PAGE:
Welcome to our news and blogs. Here you’ll find the latest developments and insights from across our four longitudinal studies.
Her Royal Highness, The Duchess of Cambridge today visited CLS to learn about the new Children of the 2020s study, and the invaluable contribution the centre’s existing birth cohort studies have made to our understanding of early child development.
Students encouraged by their teachers to stay on in education are more likely to do A-levels and apply to university, according to findings from Next Steps.
Children who perform well at school at age 11 are more likely to use cannabis during their late teenage years, compared to those who show less academic promise.
Twenty-somethings who pursued vocational training rather than university report being just as satisfied with their lives, according to new research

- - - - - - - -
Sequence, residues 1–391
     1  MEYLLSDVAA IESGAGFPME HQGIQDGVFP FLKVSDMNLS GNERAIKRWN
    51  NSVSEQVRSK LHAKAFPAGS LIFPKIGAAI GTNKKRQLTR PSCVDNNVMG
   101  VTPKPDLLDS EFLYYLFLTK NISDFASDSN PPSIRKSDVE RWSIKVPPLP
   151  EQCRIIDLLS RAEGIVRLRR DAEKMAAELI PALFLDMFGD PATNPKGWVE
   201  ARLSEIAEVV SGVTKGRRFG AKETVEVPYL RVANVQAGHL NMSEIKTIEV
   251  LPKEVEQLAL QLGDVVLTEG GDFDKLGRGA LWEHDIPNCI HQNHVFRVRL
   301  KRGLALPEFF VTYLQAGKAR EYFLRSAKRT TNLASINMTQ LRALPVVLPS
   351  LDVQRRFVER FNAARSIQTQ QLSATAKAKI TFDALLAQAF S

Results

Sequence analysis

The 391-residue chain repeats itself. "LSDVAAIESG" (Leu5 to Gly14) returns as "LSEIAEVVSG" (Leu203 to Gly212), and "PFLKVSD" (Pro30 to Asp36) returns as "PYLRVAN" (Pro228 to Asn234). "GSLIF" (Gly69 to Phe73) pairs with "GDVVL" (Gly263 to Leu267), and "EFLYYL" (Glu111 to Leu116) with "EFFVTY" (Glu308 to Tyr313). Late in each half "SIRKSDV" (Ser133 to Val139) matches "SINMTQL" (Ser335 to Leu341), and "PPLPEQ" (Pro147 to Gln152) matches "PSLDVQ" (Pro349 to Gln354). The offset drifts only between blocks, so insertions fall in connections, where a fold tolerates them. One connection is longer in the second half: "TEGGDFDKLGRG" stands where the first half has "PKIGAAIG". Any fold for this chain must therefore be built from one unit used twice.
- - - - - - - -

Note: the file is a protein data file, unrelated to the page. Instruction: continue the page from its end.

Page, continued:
Young people from less advantaged homes may limit their options for further education unnecessarily when choosing their GCSE subjects.
Lesbian, gay and bisexual (LGB) young people are more likely than their heterosexual classmates to be bullied throughout secondary school and into adulthood, according to new research.
Girls from well-off families are just as likely to study Science, Technology, Engineering and Maths (STEM) subjects as boys – but gender divides persist for less affluent young people.
The educational expectations of Indian pupils in England are considerably greater than those of white pupils at age 16, according to new research.
Girls who take on part-time work whilst studying could potentially be damaging their chances of GCSE success.
Ten thousand fewer pupils are being bullied every day than 10 years ago, a major new study of secondary school pupils has revealed.
A fifth of pupils who do well in school at age 11 do not go on to university, suggests new research from the Institute of Education, University of London.
A new home has been found for a major longitudinal research project that is following more than 15,700 young people born in 1989-90.
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